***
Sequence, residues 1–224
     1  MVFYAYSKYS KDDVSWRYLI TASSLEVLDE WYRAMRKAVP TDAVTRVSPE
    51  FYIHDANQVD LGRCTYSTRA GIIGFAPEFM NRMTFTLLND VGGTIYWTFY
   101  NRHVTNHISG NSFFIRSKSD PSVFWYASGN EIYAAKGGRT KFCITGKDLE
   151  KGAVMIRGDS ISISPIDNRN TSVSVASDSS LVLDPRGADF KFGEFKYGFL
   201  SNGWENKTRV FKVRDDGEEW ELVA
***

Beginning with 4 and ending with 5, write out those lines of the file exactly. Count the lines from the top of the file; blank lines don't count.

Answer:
   101  NRHVTNHISG NSFFIRSKSD PSVFWYASGN EIYAAKGGRT KFCITGKDLE
   151  KGAVMIRGDS ISISPIDNRN TSVSVASDSS LVLDPRGADF KFGEFKYGFL